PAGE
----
There are two important observations here. First, compared to the precious metals markets of other nations, India has a huge scrap-market. However, when stacked-up against the vast Indian stockpiles of gold (and silver), this scrap market suddenly looks much, much smaller. Even more importantly, we must understand that unlike people in North America who are unequivocally selling their scrap gold and silver (to the “we buy gold” vultures), Indians trade their gold and silver.
Being such an extremely “liquid” market naturally also means that this is a highly price sensitive market. If the price of gold (or silver) jumps higher, there will be an immediate “response” with increased scrap-selling — although as stated previously the amounts being bought and sold are trivial versus total stockpiles.
The reason it is so important to distinguish between “selling” bullion and “trading” bullion is because of what this distinction implies. North Americans are simply (foolishly) ridding themselves of their gold and silver. With the Indian people, when they sell some gold (or silver) on a sudden spike in price, these sellers will (generally speaking) be looking to reacquire that bullion in the future (hopefully at a cheaper price).
In other words, when ordinary Indian citizens “sell” scrap gold or silver, it is actually more of what we would think of as a “short”: it is a short-term bet that the price of gold (and/or silver) will decline — with the “seller” looking to reacquire the bullion (cheaper) much like a “short” closes out its short-position.
This means that scrap gold and silver in India’s markets does not represent new supply coming onto the market — since any bullion sold automatically generates new demand to buy back that bullion. Because India (ironically) produces practically no gold domestically, we can illustrate this concept simply by looking at aggregate importing (and exporting) of gold.
As most know, India is by far the world’s largest importer of gold. As mentioned previously, Indian gold-buyers are also extremely sensitive to price (arguably the most price-conscious buyers in the world). Given this sensitivity to price and stockpiles of gold which dwarf those of anywhere else in the world, what we would expect is for India’s importing/exporting to fluctuate wildly: being a large importer when gold is seen as cheap, and a significant exporter (of scrap) when the price of gold spikes.
That has not been the case. The data clearly shows the true parameters of this price sensitivity. When gold is cheaper, Indian gold imports are robust, while when gold is seen as expensive, the worst-case scenario (from the perspective of the gold-bull) is that domestic scrap sales barely manage to satisfy domestic demand. Indeed, it was a major story in the Indian gold market that in early 2009 (after the price of gold soared above $1,000/oz) that demand collapsed and scrap supply increased to the point that India may have — briefly — exported a tiny amount of gold.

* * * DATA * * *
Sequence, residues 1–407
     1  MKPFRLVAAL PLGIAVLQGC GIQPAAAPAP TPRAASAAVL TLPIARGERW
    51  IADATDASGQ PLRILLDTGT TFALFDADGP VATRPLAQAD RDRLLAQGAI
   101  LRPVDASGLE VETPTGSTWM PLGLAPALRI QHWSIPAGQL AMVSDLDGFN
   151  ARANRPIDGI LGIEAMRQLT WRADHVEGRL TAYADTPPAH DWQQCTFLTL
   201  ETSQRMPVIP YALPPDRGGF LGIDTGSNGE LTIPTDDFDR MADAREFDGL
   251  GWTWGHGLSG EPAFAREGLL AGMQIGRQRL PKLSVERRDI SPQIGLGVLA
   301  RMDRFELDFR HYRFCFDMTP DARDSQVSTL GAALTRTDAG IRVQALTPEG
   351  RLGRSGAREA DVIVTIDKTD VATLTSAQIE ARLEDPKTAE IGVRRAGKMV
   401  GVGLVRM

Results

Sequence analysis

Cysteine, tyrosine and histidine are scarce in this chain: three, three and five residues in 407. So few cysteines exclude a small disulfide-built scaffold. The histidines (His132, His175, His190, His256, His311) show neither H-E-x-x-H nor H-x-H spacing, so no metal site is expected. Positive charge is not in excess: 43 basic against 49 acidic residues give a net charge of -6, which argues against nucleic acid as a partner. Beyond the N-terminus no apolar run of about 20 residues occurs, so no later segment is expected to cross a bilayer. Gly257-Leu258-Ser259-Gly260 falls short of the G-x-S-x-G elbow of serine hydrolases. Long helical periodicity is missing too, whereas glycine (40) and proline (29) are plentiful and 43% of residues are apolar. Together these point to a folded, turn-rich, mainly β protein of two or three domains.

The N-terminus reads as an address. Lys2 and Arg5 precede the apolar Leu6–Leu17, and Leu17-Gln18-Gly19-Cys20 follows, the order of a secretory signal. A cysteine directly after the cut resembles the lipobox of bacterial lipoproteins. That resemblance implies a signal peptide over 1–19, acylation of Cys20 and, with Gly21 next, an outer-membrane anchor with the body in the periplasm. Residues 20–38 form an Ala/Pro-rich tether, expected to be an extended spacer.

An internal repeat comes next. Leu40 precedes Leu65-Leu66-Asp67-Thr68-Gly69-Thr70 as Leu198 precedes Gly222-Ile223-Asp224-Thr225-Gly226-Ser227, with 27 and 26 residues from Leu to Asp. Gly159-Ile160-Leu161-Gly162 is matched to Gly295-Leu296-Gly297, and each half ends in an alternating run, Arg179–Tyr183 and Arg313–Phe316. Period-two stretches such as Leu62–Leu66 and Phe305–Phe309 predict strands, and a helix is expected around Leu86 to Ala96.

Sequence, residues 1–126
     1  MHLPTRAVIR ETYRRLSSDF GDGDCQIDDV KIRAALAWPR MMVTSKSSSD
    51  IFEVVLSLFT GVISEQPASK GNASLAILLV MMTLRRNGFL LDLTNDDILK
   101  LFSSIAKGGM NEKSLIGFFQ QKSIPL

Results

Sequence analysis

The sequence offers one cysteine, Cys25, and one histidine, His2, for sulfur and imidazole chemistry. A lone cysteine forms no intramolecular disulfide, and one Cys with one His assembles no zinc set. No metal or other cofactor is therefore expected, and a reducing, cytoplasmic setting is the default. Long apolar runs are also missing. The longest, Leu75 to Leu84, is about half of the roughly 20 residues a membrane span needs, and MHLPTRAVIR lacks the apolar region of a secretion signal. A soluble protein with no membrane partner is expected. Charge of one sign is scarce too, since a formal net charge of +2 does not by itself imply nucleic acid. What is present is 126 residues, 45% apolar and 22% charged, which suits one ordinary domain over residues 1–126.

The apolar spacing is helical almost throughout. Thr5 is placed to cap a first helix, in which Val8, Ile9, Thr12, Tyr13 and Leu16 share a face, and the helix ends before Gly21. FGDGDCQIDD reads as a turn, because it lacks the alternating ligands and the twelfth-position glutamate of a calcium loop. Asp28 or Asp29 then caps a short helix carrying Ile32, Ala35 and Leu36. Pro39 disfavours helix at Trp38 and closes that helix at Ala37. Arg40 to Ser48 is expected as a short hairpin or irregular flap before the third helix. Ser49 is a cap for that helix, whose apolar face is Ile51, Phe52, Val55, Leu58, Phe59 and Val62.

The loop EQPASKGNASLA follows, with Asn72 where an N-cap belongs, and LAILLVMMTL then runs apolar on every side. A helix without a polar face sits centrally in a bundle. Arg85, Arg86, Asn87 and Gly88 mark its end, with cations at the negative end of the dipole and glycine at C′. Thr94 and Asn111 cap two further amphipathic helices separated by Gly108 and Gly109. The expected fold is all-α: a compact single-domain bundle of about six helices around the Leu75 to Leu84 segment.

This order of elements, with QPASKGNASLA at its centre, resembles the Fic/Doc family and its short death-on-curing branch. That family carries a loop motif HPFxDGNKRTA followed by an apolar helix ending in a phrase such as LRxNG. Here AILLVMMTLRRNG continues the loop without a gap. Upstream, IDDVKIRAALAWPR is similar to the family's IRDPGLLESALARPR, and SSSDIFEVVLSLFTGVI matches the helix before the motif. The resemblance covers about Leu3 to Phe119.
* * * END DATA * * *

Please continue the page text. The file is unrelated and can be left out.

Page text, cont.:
Given the shrewd, price conscious nature of Indian buyers, and their savvy with this market, we may be able to look to this market for clues about the near-term progression of the gold and silver markets. Arguably, the Indian buyer has just experienced a significant culture shock with respect to the gold and silver markets: specifically, India can and does no longer dominate these markets.
We can even point to the specific point in time when this period or re-examination began: the beginning of 2009. As I just mentioned, Indian demand plummeted after the price of gold finally soared above the $1,000/oz mark — exactly how that market has always behaved. Then Indian buyers waited for the market to come to them (as they always have done in the past).
To the great shock of the Indian gold buyer, the gold market did not come to them. Rather, as Indian demand sagged, this was compensated for, ounce-for-ounce by new demand from China — to the point where Chinese demand now matches that of India. However, China’s larger population, soaring per-capita incomes, and low per-capita holdings of bullion strongly suggest it is only a matter of time until China permanently replaces India as the world’s largest consumer of precious metals.
Has the Indian gold buyer learned his/her lesson? As we can see in the two-year chart below, there were similar moves in the precious metals market during the last four months of 2008 and 2009. While the move in 2008 was larger, in overall terms, it was extremely erratic. Conversely, the move in 2009 was a smooth, steady ascent — and only slightly smaller in magnitude.
How did the Indian gold market react to the surge in prices in 2008 vs. 2009? India’s gold demand in the first half of 2010 was 94% higher in the first half of 2010 than in the first half of 2009. Lesson learned!
In the conclusion to this series, I will shift my focus to India’s massive silver market.
This article has been republished from The Street. You can also view this article at The Street, an investment news and analysis site.